Can You Have SI Joint Fusion on Both Sides at the Same Time? | SI-BONE
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Can You Have SI Joint Fusion on Both Sides at the Same Time?

Bilateral SI Joint Fusion

It’s not often that people have sacroiliac joint (SI joint) dysfunction on both sides, often called bilateral SI joint dysfunction. The pain in the lower back, hip, groin, or leg is usually isolated to one side the other (called unilateral). Bilateral SI joint symptoms have been reported ranging from 8-35%.1

If your doctor determines that both left and right SI joints (called bilateral) are causing you pain and recommends SI joint fusion (after conservative therapies have failed), your doctor may recommend one of these scenarios:

  1. Minimally invasive SI-joint fusion surgery on one side (typically the more symptomatic side), followed by SI joint fusion on the other side, if still necessary, a couple months later, depending on your recovery time.
  2. Minimally invasive SI-joint fusion surgery on both sides during the same surgical procedure.

The first scenario -- two separate procedures -- is the more likely recommendation when you have bilateral SI joint pain and diagnosis, simply because it gives you time to recuperate. However, the second scenario is an option, depending on your individual health and circumstances. You should confirm with your surgeon and your insurance carrier whether there is any financial impact to you for receiving one surgery, compared with two separate procedures.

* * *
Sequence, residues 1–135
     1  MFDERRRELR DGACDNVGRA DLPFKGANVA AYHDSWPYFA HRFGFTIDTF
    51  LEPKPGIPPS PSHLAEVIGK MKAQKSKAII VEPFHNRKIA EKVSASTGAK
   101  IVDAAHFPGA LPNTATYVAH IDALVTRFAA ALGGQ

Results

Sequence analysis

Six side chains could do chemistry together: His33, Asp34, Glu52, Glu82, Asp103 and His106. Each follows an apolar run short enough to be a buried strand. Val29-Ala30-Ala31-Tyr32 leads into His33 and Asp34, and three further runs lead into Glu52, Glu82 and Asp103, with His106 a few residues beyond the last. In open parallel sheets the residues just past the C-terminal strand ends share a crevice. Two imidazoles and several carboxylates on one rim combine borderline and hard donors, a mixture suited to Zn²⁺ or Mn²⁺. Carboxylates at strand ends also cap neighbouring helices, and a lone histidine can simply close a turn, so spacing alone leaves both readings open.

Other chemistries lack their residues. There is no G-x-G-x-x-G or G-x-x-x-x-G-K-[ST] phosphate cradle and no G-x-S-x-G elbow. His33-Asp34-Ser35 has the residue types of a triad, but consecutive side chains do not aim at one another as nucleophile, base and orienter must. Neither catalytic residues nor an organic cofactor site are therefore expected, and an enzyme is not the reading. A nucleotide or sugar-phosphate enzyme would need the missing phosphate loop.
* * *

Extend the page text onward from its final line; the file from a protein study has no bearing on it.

You might wonder if having the SI-joint procedure on one side will help ease the pain on the other side. No clinical studies have addressed this question. There is anecdotal information that sometimes a unilateral procedure will lead to decreased symptoms on the opposite side, but there is also anecdotal information that sometimes unilateral treatment does not improve symptoms on the contralateral side.

Bilateral iFuse Success Stories

Catherine

Catherine’s Bilateral SI joint Pain

In 2009, Catherine began experiencing SI joint pain on both sides. In the summer of 2010, Catherine's bilateral SI joint pain became increasingly worse even though she was receiving regular SI joint injections every three months. After Catherine’s iFuse procedures in 2013 …

Read Catherine’s Story
Larry

Larry’s Bilateral iFuse Implant Procedure

Larry underwent a bilateral iFuse Implant procedure in May 2012. Almost two years after the minimally invasive surgery, Larry says that the iFuse procedure was …

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